Amyloid hypothesis explains the neuropathology to some extent but it does not explain the relation between amyloidogenesis and development of neurofibrillary tangle. There is a question about how this neurodegeneration and neuronal death occur? It seems that free radicals probably responsible for these processes. The free radical hypothesis of aging was proposed years ago, says that age related accumulation of the reactive oxygen species (ROS) results in damage to major components of the cell: nucleus, mitochondrial DNA, membranes, and cytoplasmic proteins. Most neurodegenerative diseases including AD are the result of imbalance between free radical generation and free radical scavengers [14-16]. The human Brain consumes large amount of oxygen compared other organs, like it weighs only 2% of the body weight but consumes about 20% oxygen supplied by the respiratory system [17]. This high energy consumption of the brain suggests that it is more susceptible to oxidative stress. Because neuron is the basic functional unit of the brain, it has higher metabolic rate, and therefore more vulnerable to oxidative damage [18]. Other reasons for their vulnerability are; low content of glutathione, a natural antioxidant [19] and high amount of polyunsaturated fatty acids in their membranes [20]. Age is the key risk factor for the AD because free radical injury to the neurons can gradually accumulate over the years [21]. Such general findings suggest that free radical injury is associated with many age related pathologies including AD and other neurodegenerative diseases [22].

Oxidative damage and sources of oxidative stress in AD

Under normal physiological conditions, there is balance between free radicals and antioxidants, which is disturbed in pathological conditions. Oxidative damage occurs when the reactive oxygen species are in excess of cellular antioxidant defences. Oxidative damage found in AD occurs as a result of advanced glycation end products [23-26], nitration [27,28], lipid peroxidation adduction products [29,30], carbonyl modified neurofilament protein and free carbonyls [31,32].

Research in molecular biology has suggested that mitochondrial dysfunction [33-36], metal accumulation [33,37,38], hyperphosphorylated Tau [39,40], inflammation[41,42], β-Amyloid (Aβ) accumulation [33,35,36] are responsible for the oxidative stress and damage. Oxidative stress occurs because the components of the antioxidant system like superoxide dismutase (SOD) in mitochondria and cytosol, glutathione peroxidase, and catalase are deficient or destroyed. As a result the clearance of the free radicals reduces and oxidative stress arises [43-45]. Apart from this oxidative stress also contributes to Aβ accumulation and tau hyperphosphorylation, which suggests that it plays an important role in pathogenesis of AD [33,36,46] and it can be biomarker and possible treatment target for AD [46-48].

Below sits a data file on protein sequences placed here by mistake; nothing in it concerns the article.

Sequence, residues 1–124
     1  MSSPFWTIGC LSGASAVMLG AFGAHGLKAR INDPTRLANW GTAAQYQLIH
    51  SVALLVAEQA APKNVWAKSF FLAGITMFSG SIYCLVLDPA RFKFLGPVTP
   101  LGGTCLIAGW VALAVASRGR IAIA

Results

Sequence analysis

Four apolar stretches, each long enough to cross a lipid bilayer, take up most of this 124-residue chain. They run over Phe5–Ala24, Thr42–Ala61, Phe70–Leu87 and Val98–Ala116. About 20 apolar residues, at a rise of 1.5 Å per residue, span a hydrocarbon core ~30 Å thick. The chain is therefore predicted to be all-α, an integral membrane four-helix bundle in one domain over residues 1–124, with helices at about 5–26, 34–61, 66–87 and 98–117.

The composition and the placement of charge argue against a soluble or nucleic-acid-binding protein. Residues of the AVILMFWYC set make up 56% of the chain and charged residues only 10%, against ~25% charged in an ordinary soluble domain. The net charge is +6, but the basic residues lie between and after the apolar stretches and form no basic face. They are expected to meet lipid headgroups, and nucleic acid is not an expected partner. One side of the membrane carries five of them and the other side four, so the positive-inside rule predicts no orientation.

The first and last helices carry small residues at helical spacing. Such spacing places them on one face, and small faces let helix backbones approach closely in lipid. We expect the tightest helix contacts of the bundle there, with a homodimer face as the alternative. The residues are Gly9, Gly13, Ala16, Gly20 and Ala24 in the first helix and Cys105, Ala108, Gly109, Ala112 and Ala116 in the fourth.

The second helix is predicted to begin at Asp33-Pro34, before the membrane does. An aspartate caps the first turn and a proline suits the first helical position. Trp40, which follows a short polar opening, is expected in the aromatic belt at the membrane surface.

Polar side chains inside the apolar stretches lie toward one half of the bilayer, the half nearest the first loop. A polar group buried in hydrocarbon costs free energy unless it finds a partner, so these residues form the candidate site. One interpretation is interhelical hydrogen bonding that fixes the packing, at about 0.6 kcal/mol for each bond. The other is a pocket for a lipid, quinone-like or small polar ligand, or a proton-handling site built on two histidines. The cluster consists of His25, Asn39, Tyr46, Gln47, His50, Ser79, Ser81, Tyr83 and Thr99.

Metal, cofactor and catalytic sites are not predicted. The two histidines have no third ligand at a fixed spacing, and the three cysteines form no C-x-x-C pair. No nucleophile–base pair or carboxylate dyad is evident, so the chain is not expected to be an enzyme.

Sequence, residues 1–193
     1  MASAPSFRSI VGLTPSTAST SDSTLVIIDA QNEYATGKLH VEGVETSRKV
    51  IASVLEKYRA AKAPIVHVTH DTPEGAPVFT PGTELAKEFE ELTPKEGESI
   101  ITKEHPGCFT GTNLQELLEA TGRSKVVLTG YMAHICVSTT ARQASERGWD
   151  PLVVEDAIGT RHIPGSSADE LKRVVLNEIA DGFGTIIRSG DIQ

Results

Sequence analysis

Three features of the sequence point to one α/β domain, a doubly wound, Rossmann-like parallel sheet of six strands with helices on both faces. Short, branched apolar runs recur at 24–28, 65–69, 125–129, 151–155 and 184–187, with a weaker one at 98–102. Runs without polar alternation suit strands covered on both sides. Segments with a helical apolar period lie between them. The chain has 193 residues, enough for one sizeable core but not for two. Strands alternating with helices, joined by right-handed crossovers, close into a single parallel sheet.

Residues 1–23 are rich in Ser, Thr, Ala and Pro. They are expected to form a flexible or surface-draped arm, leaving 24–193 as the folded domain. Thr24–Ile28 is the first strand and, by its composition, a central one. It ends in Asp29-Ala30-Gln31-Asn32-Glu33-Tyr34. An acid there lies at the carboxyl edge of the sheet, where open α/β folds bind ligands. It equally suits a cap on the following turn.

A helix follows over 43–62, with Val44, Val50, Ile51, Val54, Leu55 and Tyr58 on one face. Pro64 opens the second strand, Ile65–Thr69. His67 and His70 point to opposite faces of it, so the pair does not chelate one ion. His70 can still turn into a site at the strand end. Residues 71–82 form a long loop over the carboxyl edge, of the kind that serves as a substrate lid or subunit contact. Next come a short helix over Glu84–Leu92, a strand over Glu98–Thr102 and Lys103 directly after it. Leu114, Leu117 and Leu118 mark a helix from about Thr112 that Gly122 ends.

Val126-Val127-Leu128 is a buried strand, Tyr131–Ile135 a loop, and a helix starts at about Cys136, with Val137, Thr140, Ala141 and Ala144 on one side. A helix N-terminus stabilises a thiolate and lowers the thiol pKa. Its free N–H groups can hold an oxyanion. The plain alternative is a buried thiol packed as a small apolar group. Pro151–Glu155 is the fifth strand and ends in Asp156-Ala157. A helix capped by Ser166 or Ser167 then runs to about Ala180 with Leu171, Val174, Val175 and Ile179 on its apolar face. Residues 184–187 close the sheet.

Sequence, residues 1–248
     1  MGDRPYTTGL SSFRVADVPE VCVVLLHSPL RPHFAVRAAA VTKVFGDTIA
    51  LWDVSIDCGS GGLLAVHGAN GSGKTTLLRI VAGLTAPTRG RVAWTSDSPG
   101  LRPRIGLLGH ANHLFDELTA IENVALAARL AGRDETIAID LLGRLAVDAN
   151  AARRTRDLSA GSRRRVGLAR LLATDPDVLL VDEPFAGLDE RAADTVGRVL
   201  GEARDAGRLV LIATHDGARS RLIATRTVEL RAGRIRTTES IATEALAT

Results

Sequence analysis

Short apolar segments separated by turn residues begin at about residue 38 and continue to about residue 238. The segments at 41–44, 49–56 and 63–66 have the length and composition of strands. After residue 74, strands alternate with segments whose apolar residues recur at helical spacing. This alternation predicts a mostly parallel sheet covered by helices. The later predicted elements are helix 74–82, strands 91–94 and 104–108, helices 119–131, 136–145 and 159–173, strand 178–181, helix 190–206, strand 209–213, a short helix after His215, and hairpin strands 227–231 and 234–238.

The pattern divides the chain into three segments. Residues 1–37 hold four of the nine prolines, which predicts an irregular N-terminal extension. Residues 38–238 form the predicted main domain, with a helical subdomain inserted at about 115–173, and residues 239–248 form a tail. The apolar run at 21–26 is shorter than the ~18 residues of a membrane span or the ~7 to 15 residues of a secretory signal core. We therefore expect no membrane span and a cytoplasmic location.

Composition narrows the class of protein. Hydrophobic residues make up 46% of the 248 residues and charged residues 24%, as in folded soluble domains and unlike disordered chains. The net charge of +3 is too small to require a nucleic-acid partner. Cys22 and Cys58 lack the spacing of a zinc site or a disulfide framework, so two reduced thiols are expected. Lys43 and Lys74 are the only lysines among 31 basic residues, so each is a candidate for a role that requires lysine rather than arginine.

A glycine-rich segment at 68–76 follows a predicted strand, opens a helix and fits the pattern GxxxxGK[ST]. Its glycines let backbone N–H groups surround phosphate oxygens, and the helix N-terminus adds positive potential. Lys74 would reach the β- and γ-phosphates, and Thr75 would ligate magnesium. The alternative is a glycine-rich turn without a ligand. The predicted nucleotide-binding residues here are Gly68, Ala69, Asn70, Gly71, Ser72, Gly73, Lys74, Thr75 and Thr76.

Lipid oxidation

Neurons are very rich in phospholipids, and are very important for the process of neurotransmission, neuronal interactions and cognition. These phospholipids have high proportions of PUFA, especially docosahexaenoic acid and arachidonic acid. It has been found that when free radical production increases, PUFA content of the brain gradually decreases [49,50]. In addition, the products of lipid peroxidation are very unstable and automatically converted into malondialdehyde (MDA), 4-hydroxynonenal (4-HNE), ketones, epoxides, and hydrocarbons in the presence of iron [49]. Many studies have confirmed that patients with AD and mild cognitive impairment have increased levels of MDA and 4-HNE in their brains [51-53]. Isoprostanes (F2-IsoPs) are produced from arachidonic acid via esterification. Levels of F2-IsoPs and F4-IsoPs have been found to be increased in cerebrospinal fluid (CSF) in patients with AD and mild cognitive impairment (MCI) [54-57].

Protein oxidation

As a result of oxidative damage proteins are converted to protein carbonyls, levels of which are high in brains of AD patients [53]. Tyrosine is converted to 3-nitrotyrosine and dityrosine after reaction with reactive oxygen and nitrogen species. The level of 3-nitrotyrosine residue in the CSF is negatively correlated with mental status examination score [58,59]. One study has shown that levels of total protein nitration in the inferior parietal lobule and in the hippocampus in the patients with MCI are much higher than those in healthy control subjects, which shows that protein nitration starts early in the AD pathology.

Nucleic acid oxidation

8-hydroxydeoxyguanosine (8-OHdG) is formed due to DNA oxidation. The level of 8-OHdG in mitochondrial DNA in the parietal cortex of the AD patients is increased significantly as compared to the controls [60]. The level of 8-OHG is found to be increased a decade before the appearance of neurofibrillary tangles (NFTs) and Aβ plaques in the brain of AD patients. DNA oxidation can also be measured by DNA strand breakage. One study has reported that the level of DNA strand breakage in cerebral cortex of AD patients is twice as compared controls [61].

All the products, discussed above have been considered as blood biomarkers for early diagnosis of AD [49]. It requires further research to establish their efficacy as early biomarkers.

The Role of Metals in AD

From the beginning, transition metals like copper, iron, aluminum, zinc etc. are the target for the research in AD pathology. These metals play critical role in the production of the free radicals. Areas of brain (hippocampus, amygdala etc.) involved in the AD pathology have shown abnormal levels of these metals [62]. Oxidative stress is produced when these metals interact with Aβ.